Suffer-fest Tour turns pain dial up with “monster stage”
STATION DES ROUSSES, France — After 1,400 kilometers (nearly 900 miles) in eight days of racing, the suffer-fest Tour de France now turns the pain dial up a notch or five. How does scaling half the height of Everest in one day sound?
That’s the monstrous challenge lurking on Sunday for the 193 already tired and sunbaked riders who have made it this far.
For the moment, when race leader Chris Froome looks over his shoulder, he sees a gaggle of challengers hot on his heels. Just 61 seconds separate him from 10th-placed Rafal Majka of Poland. More dangerous contenders are closer still to the three-time Tour champion.
All that will likely change on the succession of seven climbs in eastern France’s Jura mountains on Sunday — three of them so tough they defy categorization on cycling’s sliding scale of climbing toughness. “A monster stage” is how Froome described it, predicting the race standings will “get blown to pieces.”
Total elevation, when all the ascents are added together: 4,600 meters (15,000 feet). That’s just shy of the height of western Europe’s highest peak, Mont Blanc, and about belly button-height on Everest.
The last “hors categorie” climb, Mont du Chat, may be named after a cat but looks on Tour maps like a lion’s fang. With an average 10 percent gradient, and even steeper than that in parts, it will push riders already exhausted by the previous six climbs to the very limit. Hearts pounding, legs burning, they will have no time to recover from its hairpin bends before plunging into more fast, twisting bends on the descent. Clear heads and quick reactions are a must: Not easy when body and brain are screaming for rest.
“That climb is savage,” Froome said. “I imagine it’s going to blow the general classification right open.”
Complicating matters: Saturday’s stage, also in the Jura mountains, was far from easy.
Froome’s teammates at Sky had to ride hard to make sure that riders who rode off at the front of the race, chasing the stage victory, didn’t get too far ahead and take the overall lead away from him. The question now is whether Sky will pay for the effort on Sunday and run out of juice on the 181.5-kilometer (112-mile) Stage 9 from Nantua to Chambery in the Alps, arguably the most grueling of this Tour’s 21 stages.
“It was good to see them pull on the front,” said Australian Richie Porte of the rival BMC team, who is 39 seconds behind Froome overall, in fifth place. “I hope there’s some tired legs among them tomorrow.”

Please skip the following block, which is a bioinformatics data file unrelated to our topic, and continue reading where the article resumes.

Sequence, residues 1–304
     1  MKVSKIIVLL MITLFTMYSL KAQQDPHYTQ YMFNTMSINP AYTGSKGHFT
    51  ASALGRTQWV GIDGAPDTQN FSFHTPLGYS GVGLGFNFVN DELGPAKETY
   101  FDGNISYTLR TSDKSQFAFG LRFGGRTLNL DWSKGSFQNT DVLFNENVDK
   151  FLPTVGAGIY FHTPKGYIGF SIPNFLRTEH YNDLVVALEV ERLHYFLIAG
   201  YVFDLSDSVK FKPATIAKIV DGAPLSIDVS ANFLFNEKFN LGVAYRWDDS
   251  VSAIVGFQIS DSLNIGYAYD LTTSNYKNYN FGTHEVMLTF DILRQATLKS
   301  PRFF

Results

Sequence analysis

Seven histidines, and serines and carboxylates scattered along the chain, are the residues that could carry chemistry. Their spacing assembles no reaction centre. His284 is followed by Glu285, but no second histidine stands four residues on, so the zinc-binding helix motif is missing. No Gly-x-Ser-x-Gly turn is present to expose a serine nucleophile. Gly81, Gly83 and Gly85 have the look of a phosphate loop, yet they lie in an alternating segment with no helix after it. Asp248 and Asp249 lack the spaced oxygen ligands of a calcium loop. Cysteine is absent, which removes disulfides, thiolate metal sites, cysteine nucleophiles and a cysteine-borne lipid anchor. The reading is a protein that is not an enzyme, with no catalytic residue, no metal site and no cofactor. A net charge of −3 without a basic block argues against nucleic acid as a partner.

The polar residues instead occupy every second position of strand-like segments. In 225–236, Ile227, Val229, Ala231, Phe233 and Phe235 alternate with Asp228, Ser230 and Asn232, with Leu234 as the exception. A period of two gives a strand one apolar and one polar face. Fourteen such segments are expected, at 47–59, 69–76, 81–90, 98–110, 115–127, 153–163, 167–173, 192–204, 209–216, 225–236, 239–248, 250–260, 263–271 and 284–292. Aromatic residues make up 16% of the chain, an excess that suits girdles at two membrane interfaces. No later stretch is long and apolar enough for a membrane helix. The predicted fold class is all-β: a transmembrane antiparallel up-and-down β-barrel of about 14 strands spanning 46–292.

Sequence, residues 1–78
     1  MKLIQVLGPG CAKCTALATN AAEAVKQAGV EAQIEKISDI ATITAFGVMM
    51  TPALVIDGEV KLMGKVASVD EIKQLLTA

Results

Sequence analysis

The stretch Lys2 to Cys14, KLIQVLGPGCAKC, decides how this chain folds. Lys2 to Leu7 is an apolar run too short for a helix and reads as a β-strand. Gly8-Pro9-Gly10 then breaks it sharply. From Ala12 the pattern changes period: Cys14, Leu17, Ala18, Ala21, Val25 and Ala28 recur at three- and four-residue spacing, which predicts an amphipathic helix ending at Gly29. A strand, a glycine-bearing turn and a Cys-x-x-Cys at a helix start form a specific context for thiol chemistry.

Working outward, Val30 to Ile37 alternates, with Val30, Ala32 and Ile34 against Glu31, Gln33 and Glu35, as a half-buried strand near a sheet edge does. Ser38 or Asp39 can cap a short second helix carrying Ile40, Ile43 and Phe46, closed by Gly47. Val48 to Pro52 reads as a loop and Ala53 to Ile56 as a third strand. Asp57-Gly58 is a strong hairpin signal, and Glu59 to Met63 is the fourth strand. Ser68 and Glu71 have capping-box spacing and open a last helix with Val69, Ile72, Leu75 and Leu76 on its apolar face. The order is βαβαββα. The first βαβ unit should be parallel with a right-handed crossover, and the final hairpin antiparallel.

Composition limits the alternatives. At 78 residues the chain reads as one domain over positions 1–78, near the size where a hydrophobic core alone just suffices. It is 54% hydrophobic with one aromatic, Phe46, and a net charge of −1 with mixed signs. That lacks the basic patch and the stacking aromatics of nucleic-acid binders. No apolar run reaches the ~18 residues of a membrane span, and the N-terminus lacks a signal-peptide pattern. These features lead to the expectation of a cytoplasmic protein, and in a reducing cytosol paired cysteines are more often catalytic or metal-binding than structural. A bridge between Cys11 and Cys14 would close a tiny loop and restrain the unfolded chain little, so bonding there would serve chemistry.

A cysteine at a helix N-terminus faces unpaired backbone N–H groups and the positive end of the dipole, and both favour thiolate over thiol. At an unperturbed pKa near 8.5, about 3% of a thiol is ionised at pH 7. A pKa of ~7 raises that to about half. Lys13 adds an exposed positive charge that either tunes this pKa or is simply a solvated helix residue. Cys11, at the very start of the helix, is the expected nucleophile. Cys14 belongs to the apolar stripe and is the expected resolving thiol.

Grinding away from pursuers on a small mountain road more suited to goats than riders, Lilian Calmejane won Stage 8 to the Rousses ski station, for his first victory in his first Tour.
Calmejane, riding for French team Direct Energie, fought cramp after breaking away on the final climb and hung on, tongue lolling, for victory in only the second visit by the Tour to the Rousses, with its cross-country ski trails through dense forests.
It was the second win at this Tour for a French rider, after Arnaud Demare’s on Stage 4.
Froome rode in 50 seconds after Calmejane — plenty close enough to retain the yellow jersey — in a group with all of the other top contenders for overall victory in Paris on July 23.
Froome’s day wasn’t without incident: On a downhill, right-hand bend after the second of three rated climbs on the 187.5 kilometer (116-mile) stage from Dole, the Briton went into roadside gravel instead of cornering. Froome stayed on his bike and quickly recovered.
But teammate Geraint Thomas went over roadside barriers. Thomas quickly rejoined the race, and Froome said his teammate was uninjured.
The corner “sprang up on us a little bit,” Froome said. “One moment you’re in control, the next thing you’re in a ditch.”
Calmejane held off Dutch rider Robert Gesink, hot on his heels, on the final climb and rolling finish. Cramping from his effort, Calmejane had to slow and rise off his saddle to stretch his legs in the final section and then gritted his teeth and pedaled onward to the line.
“I gave myself a huge fright,” Calmejane said of his cramps. “It would have been so sad to lose the stage like that.”
Gesink, of the Netherlands’ Lotto-Jumbo team, rode in 37 seconds after Calmejane. French rider Guillaume Martin placed third on the stage, another 13 seconds back.
By being the first rider to scale the day’s last climb, Calmejane enjoyed the added bonus of picking up enough points to take the polka-dot jersey — awarded for points collected on climbs — off the shoulders of Italian Fabio Aru.
“Winning alone like that is incredible,” said Calmejane, who also won a stage at his first Grand Tour, the Spanish Vuelta, last year. “It’s everything I dreamed of.”
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